Clint Eastwood has a no-nonsense approach that has served him well over the course of his career.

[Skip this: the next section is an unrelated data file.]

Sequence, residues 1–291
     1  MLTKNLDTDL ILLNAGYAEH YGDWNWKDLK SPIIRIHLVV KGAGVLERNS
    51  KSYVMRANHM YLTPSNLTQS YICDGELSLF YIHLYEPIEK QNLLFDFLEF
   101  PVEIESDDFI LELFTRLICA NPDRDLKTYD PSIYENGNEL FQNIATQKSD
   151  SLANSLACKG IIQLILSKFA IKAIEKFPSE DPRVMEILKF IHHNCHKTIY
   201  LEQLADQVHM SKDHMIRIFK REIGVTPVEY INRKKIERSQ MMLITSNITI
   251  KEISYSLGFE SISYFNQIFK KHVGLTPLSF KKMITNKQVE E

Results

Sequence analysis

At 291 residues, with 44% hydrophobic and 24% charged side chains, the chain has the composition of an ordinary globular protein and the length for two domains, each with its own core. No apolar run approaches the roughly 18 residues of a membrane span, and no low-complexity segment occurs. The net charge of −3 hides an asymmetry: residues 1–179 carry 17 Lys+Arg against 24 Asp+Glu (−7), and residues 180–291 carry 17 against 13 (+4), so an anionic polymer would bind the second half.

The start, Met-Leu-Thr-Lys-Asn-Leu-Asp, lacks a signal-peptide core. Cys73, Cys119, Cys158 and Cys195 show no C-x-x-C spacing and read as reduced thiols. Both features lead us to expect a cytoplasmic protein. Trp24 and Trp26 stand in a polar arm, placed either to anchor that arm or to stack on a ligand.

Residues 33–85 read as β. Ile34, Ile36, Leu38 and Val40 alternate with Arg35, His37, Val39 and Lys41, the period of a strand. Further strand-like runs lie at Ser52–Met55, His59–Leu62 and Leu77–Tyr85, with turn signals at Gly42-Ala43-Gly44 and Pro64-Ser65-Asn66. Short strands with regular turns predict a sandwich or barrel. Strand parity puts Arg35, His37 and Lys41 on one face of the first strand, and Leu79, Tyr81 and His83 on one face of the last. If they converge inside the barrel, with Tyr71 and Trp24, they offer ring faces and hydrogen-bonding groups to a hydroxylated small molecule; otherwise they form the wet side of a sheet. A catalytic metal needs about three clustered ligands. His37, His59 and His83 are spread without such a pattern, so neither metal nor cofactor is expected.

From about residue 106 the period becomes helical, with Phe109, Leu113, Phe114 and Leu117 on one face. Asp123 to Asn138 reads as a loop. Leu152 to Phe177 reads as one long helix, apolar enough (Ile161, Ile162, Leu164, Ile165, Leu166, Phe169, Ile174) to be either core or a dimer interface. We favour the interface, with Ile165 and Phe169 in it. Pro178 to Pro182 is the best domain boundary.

He refuses to clutter up a performance with tics and affected mannerisms; his method is more common sense, just being content to live in the moment and express what comes to the fore, in that moment. As a director, he has opened himself up a bit more in intriguing ways, especially in relation to his affinity for music and the use of quiet improvisational moments. It came as a surprise to hear that Eastwood had decided to tackle a big screen adaptation of the Broadway hit Jersey Boys. The broad showstoppers and that big voice of Frankie Valli’s wouldn’t seem to fit in the toned-down snapshot portraits Eastwood prefers, but, on some elemental level, that is exactly what is necessary to translate a stage musical to the medium of film. Plus, there’s a streak of loyalty and determination that drove Valli and Eastwood. Most of the narrative is a retelling of highlights with musical renditions presented in full, a smart decision in this day and age of rapid fire editing and standard movie montages. Eastwood’s plainspoken approach removes the artifice of characters directly addressing the audience or using song snippets to foreshadow movements to come. Without the movie-musical bombast, Jersey Boys settles comfortably into the routine biopic structure, but like any good pop song, it gets in your head. Now in theaters. (R) Grade: B
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